I am trying to optimize a Reed-Solomon encoder, which is in fact simply a polynomial division operation over Galois Fields 2^8 (which simply means that values wrap-around over 255). The code is in fact very very similar to what can be found here for Go: http://research.swtch.com/field

The algorithm for polynomial division used here is a synthetic division (also called Horner's method).

I tried everything: numpy, pypy, cython. The best performance I get is by using pypy with this simple nested loop:

```
def rsenc(msg_in, nsym, gen):
'''Reed-Solomon encoding using polynomial division, better explained at http://research.swtch.com/field'''
msg_out = bytearray(msg_in) + bytearray(len(gen)-1)
lgen = bytearray([gf_log[gen[j]] for j in xrange(len(gen))])
for i in xrange(len(msg_in)):
coef = msg_out[i]
# coef = gf_mul(msg_out[i], gf_inverse(gen[0])) // for general polynomial division (when polynomials are non-monic), we need to compute: coef = msg_out[i] / gen[0]
if coef != 0: # coef 0 is normally undefined so we manage it manually here (and it also serves as an optimization btw)
lcoef = gf_log[coef] # precaching
for j in xrange(1, len(gen)): # optimization: can skip g0 because the first coefficient of the generator is always 1! (that's why we start at position 1)
msg_out[i + j] ^= gf_exp[lcoef + lgen[j]] # equivalent (in Galois Field 2^8) to msg_out[i+j] += msg_out[i] * gen[j]
# Recopy the original message bytes
msg_out[:len(msg_in)] = msg_in
return msg_out
```

Can a Python optimization wizard guide me to some clues on how to get a speedup? My goal is to get at least a speedup of 3x, but more would be awesome. Any approach or tool is accepted, as long as it is cross-platform (works at least on Linux and Windows).

Here is a small test script with some of the other alternatives I tried (the cython attempt is not included since it was slower than native python!):

```
import random
from operator import xor
numpy_enabled = False
try:
import numpy as np
numpy_enabled = True
except ImportError:
pass
# Exponent table for 3, a generator for GF(256)
gf_exp = bytearray([1, 3, 5, 15, 17, 51, 85, 255, 26, 46, 114, 150, 161, 248, 19,
53, 95, 225, 56, 72, 216, 115, 149, 164, 247, 2, 6, 10, 30, 34,
102, 170, 229, 52, 92, 228, 55, 89, 235, 38, 106, 190, 217, 112,
144, 171, 230, 49, 83, 245, 4, 12, 20, 60, 68, 204, 79, 209, 104,
184, 211, 110, 178, 205, 76, 212, 103, 169, 224, 59, 77, 215, 98,
166, 241, 8, 24, 40, 120, 136, 131, 158, 185, 208, 107, 189, 220,
127, 129, 152, 179, 206, 73, 219, 118, 154, 181, 196, 87, 249, 16,
48, 80, 240, 11, 29, 39, 105, 187, 214, 97, 163, 254, 25, 43, 125,
135, 146, 173, 236, 47, 113, 147, 174, 233, 32, 96, 160, 251, 22,
58, 78, 210, 109, 183, 194, 93, 231, 50, 86, 250, 21, 63, 65, 195,
94, 226, 61, 71, 201, 64, 192, 91, 237, 44, 116, 156, 191, 218,
117, 159, 186, 213, 100, 172, 239, 42, 126, 130, 157, 188, 223,
122, 142, 137, 128, 155, 182, 193, 88, 232, 35, 101, 175, 234, 37,
111, 177, 200, 67, 197, 84, 252, 31, 33, 99, 165, 244, 7, 9, 27,
45, 119, 153, 176, 203, 70, 202, 69, 207, 74, 222, 121, 139, 134,
145, 168, 227, 62, 66, 198, 81, 243, 14, 18, 54, 90, 238, 41, 123,
141, 140, 143, 138, 133, 148, 167, 242, 13, 23, 57, 75, 221, 124,
132, 151, 162, 253, 28, 36, 108, 180, 199, 82, 246] * 2 + [1])
# Logarithm table, base 3
gf_log = bytearray([0, 0, 25, 1, 50, 2, 26, 198, 75, 199, 27, 104, 51, 238, 223, # BEWARE: the first entry should be None instead of 0 because it's undefined, but for a bytearray we can't set such a value
3, 100, 4, 224, 14, 52, 141, 129, 239, 76, 113, 8, 200, 248, 105,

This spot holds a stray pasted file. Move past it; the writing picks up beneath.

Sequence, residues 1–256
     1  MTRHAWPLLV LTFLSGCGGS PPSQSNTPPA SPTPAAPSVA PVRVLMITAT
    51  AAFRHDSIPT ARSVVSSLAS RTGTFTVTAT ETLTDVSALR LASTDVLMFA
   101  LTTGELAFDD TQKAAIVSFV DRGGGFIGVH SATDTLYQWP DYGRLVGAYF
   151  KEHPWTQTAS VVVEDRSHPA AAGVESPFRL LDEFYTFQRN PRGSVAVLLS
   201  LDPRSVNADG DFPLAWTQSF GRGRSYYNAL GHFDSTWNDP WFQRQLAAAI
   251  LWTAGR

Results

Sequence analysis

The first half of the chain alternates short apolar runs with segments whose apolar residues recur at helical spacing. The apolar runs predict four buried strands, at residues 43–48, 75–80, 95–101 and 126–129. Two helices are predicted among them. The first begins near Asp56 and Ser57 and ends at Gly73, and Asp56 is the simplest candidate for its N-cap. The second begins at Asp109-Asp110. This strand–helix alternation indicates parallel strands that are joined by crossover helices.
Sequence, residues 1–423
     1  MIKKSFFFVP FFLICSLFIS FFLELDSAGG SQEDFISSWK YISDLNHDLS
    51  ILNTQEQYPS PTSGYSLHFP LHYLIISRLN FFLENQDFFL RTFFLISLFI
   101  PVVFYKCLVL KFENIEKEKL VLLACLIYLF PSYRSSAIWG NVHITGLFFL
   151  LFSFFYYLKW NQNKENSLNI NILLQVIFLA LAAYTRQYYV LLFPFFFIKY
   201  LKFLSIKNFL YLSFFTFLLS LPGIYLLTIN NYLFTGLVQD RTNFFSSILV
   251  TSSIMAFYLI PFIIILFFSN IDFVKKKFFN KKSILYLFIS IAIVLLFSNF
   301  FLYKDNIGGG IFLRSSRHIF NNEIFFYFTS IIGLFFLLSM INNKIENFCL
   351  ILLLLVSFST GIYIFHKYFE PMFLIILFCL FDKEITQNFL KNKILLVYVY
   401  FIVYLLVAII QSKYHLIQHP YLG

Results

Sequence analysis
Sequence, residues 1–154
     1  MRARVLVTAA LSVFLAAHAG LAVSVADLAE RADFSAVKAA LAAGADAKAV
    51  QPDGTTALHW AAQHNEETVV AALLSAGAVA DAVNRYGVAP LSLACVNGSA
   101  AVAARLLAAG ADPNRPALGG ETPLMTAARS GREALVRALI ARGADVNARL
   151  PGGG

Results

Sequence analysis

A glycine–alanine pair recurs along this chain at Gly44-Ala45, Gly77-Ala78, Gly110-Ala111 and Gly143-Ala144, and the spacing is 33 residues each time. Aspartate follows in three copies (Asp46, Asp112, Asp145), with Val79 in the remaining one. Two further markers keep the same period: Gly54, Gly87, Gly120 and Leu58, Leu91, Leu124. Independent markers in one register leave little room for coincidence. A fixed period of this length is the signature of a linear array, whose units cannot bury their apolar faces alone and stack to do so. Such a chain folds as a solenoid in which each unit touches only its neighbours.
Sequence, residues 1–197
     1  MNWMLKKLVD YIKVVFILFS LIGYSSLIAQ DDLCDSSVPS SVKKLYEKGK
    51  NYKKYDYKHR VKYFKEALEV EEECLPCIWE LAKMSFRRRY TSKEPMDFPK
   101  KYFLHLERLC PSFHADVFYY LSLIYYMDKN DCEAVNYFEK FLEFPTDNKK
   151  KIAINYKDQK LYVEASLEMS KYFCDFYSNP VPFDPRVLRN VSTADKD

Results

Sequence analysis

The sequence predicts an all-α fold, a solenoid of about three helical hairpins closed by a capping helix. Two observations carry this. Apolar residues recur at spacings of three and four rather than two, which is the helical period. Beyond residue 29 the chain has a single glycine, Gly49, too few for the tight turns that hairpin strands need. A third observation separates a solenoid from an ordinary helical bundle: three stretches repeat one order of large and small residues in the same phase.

28, 193, 125, 194, 29, 181, 249, 185, 39, 106, 77, 228, 166, 114,
154, 201, 9, 120, 101, 47, 138, 5, 33, 15, 225, 36, 18, 240, 130,
69, 53, 147, 218, 142, 150, 143, 219, 189, 54, 208, 206, 148, 19,
92, 210, 241, 64, 70, 131, 56, 102, 221, 253, 48, 191, 6, 139, 98,
179, 37, 226, 152, 34, 136, 145, 16, 126, 110, 72, 195, 163, 182,
30, 66, 58, 107, 40, 84, 250, 133, 61, 186, 43, 121, 10, 21, 155,
159, 94, 202, 78, 212, 172, 229, 243, 115, 167, 87, 175, 88, 168,
80, 244, 234, 214, 116, 79, 174, 233, 213, 231, 230, 173, 232, 44,
215, 117, 122, 235, 22, 11, 245, 89, 203, 95, 176, 156, 169, 81,
160, 127, 12, 246, 111, 23, 196, 73, 236, 216, 67, 31, 45, 164,
118, 123, 183, 204, 187, 62, 90, 251, 96, 177, 134, 59, 82, 161,
108, 170, 85, 41, 157, 151, 178, 135, 144, 97, 190, 220, 252, 188,
149, 207, 205, 55, 63, 91, 209, 83, 57, 132, 60, 65, 162, 109, 71,
20, 42, 158, 93, 86, 242, 211, 171, 68, 17, 146, 217, 35, 32, 46,
137, 180, 124, 184, 38, 119, 153, 227, 165, 103, 74, 237, 222, 197,
49, 254, 24, 13, 99, 140, 128, 192, 247, 112, 7])
if numpy_enabled:
np_gf_exp = np.array(gf_exp)
np_gf_log = np.array(gf_log)
def gf_pow(x, power):
return gf_exp[(gf_log[x] * power) % 255]
def gf_poly_mul(p, q):
r = [0] * (len(p) + len(q) - 1)
lp = [gf_log[p[i]] for i in xrange(len(p))]
for j in range(len(q)):
lq = gf_log[q[j]]
for i in range(len(p)):
r[i + j] ^= gf_exp[lp[i] + lq]
return r
def rs_generator_poly_base3(nsize, fcr=0):
g_all = {}
g = [1]
g_all[0] = g_all[1] = g
for i in range(fcr+1, fcr+nsize+1):
g = gf_poly_mul(g, [1, gf_pow(3, i)])
g_all[nsize-i] = g
return g_all
# Fastest way with pypy
def rsenc(msg_in, nsym, gen):
'''Reed-Solomon encoding using polynomial division, better explained at http://research.swtch.com/field'''
msg_out = bytearray(msg_in) + bytearray(len(gen)-1)
lgen = bytearray([gf_log[gen[j]] for j in xrange(len(gen))])
for i in xrange(len(msg_in)):
coef = msg_out[i]
# coef = gf_mul(msg_out[i], gf_inverse(gen[0])) # for general polynomial division (when polynomials are non-monic), the usual way of using synthetic division is to divide the divisor g(x) with its leading coefficient (call it a). In this implementation, this means:we need to compute: coef = msg_out[i] / gen[0]
if coef != 0: # coef 0 is normally undefined so we manage it manually here (and it also serves as an optimization btw)
lcoef = gf_log[coef] # precaching